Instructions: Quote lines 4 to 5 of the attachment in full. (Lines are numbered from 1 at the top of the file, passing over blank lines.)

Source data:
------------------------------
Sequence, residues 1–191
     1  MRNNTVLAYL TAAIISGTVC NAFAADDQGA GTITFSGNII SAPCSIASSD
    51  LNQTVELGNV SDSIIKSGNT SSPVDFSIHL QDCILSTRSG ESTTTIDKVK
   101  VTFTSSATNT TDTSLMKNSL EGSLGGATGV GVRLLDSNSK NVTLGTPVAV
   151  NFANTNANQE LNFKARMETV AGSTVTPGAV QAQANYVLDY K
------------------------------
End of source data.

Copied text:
   101  VTFTSSATNT TDTSLMKNSL EGSLGGATGV GVRLLDSNSK NVTLGTPVAV
   151  NFANTNANQE LNFKARMETV AGSTVTPGAV QAQANYVLDY K